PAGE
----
After 150 years, gravitational stresses induced by the nearness of the twin stars' orbits to the black hole make it unusable as a Stargate. The offworlders pack up to return to Hegemony space — and take all their technology with them. They do this — and prevent both Winters and Summers from ever traveling offworld — because they want Tiamat to keep regressing to primitivity, so that every time the gate opens again, they can come back and offer their fancy gadgets in trade for the mer blood again. Just before the Hegemony folks leave each time, the Winter Queen is sacrificed and replaced by a new Summer Queen, who reigns until the gate reopens.
(You see what I mean about breaking the spell the original writer was weaving? Typing all that out, I couldn't help but think, Jesus, this plot sounds like a mess — overly contrived and totally dependent on implausibilities. But many, probably most, stories are implausible in some way — they're supposed to be; we already get more than enough of the plausible from real life. Picking at them for not being 100 percent rigorously realistic is like criticizing marathoners for not just driving the 26.2 miles — it misses the whole point. The point is that a good storyteller conveys the implausibilities in such a way that we accept them, and Vinge absolutely does that.)
OK, so, Star Wars: Moon is a simple peasant Summer girl who becomes a member of an ancient cabalistic order, the sibyls, who have the power to answer nearly any question asked of them. She is also not who she thinks she is, but actually an unknowing clone of Arienrhod — one of nine, which the Winter Queen covertly implanted in other women's wombs at a bacchanal festival twenty years earlier, in the hope of indirectly maintaining her rule even after her death.
I don't think I'm spoiling anything if I reveal that, like Luke Skywalker, Moon must eventually use her new abilities to end her secret genetic parent's tyrannical reign. And she is helped along the way by benevolent smugglers (including a scary but friendly alien only one other person can talk to), a trusty robot, and a quasi-supernatural force that influences events in the service of a greater purpose.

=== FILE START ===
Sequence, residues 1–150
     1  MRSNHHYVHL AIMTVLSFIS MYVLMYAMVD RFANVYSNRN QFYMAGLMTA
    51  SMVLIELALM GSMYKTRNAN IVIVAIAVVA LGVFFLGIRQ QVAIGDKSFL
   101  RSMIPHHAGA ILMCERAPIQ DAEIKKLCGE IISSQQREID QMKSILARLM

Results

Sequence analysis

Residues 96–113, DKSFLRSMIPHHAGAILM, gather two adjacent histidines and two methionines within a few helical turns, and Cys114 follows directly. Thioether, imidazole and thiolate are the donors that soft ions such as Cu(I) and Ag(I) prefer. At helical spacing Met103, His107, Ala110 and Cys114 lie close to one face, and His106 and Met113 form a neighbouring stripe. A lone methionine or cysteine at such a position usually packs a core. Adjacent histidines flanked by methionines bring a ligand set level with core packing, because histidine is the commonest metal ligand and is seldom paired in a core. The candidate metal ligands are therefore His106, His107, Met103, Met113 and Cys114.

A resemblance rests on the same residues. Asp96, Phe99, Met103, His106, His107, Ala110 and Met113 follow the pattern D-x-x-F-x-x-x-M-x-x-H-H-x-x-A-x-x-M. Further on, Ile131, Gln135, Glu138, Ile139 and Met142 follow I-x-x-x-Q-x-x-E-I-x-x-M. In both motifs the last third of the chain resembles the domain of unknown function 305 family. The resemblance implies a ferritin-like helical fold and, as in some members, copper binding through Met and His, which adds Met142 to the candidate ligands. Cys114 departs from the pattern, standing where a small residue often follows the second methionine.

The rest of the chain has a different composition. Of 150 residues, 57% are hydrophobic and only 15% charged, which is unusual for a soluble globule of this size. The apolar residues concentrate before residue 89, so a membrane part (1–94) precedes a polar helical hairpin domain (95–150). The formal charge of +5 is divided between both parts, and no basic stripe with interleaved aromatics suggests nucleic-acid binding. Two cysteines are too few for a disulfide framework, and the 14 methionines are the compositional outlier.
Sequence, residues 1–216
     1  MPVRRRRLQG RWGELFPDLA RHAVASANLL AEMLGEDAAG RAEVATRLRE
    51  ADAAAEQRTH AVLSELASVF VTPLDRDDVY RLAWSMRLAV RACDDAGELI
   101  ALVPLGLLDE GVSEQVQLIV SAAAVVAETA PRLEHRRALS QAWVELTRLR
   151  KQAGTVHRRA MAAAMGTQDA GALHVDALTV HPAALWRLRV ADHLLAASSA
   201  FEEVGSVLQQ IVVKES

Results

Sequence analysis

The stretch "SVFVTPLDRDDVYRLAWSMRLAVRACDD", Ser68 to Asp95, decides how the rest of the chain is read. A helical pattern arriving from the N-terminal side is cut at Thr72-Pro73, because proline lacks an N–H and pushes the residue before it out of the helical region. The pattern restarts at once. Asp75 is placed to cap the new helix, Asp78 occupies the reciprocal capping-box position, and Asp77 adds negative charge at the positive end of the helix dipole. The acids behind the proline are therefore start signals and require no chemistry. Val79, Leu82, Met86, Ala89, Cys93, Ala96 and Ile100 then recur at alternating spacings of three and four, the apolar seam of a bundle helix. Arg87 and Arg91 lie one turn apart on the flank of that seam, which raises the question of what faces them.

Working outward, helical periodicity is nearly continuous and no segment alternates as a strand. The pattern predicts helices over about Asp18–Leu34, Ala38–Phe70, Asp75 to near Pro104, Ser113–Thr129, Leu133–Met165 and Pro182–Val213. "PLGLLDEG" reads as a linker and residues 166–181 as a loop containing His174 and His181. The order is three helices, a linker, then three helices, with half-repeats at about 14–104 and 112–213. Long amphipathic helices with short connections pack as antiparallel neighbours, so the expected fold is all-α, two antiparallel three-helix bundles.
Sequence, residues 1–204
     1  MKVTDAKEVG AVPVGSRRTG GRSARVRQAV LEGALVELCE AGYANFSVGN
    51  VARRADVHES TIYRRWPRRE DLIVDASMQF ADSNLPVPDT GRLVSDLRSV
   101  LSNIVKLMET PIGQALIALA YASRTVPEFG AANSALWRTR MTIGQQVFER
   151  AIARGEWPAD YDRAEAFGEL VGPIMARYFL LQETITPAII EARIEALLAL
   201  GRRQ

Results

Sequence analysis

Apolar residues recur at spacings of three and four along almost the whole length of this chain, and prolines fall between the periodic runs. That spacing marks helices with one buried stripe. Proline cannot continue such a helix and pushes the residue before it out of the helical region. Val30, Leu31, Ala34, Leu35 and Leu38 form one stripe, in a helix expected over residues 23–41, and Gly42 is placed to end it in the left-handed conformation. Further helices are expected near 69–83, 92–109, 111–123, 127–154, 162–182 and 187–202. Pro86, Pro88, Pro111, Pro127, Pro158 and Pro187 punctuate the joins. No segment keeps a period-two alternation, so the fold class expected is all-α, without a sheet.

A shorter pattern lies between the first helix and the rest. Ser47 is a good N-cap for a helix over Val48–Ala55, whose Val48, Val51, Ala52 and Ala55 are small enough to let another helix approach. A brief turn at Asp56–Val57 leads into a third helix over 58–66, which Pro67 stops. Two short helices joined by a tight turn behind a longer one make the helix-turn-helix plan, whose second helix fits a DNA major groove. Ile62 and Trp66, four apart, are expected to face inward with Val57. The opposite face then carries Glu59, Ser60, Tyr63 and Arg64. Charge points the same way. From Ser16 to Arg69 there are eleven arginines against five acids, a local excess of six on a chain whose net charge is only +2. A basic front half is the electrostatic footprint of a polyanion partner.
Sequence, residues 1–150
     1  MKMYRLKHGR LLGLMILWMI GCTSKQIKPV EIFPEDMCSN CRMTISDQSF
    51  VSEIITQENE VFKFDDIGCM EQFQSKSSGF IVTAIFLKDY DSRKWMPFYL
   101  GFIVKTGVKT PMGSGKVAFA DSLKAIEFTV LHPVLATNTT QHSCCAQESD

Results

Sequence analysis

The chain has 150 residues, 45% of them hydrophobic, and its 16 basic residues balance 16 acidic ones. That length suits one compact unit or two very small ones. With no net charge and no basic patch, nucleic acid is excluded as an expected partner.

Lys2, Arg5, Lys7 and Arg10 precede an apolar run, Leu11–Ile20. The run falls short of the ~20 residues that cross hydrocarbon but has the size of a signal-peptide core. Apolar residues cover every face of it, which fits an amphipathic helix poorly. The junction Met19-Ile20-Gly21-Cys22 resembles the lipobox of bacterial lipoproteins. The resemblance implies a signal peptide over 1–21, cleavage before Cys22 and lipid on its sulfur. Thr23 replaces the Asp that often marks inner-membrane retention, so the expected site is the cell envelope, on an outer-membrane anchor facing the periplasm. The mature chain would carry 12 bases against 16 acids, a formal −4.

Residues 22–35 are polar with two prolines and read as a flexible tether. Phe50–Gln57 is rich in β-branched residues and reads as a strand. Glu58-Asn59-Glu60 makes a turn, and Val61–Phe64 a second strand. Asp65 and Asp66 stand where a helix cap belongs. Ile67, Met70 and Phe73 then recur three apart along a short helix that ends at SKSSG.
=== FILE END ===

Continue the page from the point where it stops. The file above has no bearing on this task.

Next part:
Those similarities are just coincidental — Vinge wasn't stealing from George Lucas, just employing some reliable SF tropes and demonstrating that Joseph Campbell was right about the Hero's Journey: Remember, when the novel was published, nobody even knew Darth Vader was related to Luke. (Eerie, though, some of the correspondences — Moon visits another world and learns to use her sibyl powers from a teacher who says things like "Do you feel that you more time need?" and "Is it because tomorrow you back to the spaceport must go?"*)
But the fact of their coincidence doesn't make them any less fun to encounter. I really like Star Wars! I really like ancient cabalistic orders and secret genetic parentage and quasi-supernatural forces. I like space opera, with sweeping action and political intrigues and enduring love and the fates of whole star systems at stake. I like it so much I have even tried to get several very intelligent people to read Simon R. Green's Deathstalker series, which frankly is not at all easy to do, because they are so goddamn pervasively corny.
I think I will have more luck getting them to read The Snow Queen and the three other stories Vinge has written in its universe. It delivers all that epic deliciousness, but with an added layer of substance that makes it more than just mind candy.
It is, for one, a deeply — quietly, but thoroughly — feminist book. Which is amazing, for all that just two Hugo winners ago, we were talking about how tough that was at the time. Vinge opens the same dedication in which she gives credit to Andersen and Graves with the words "To the Lady, who gives, and who takes away" and ends by thanking "my mother, for teaching me a woman's strength, and giving me the freedom to become."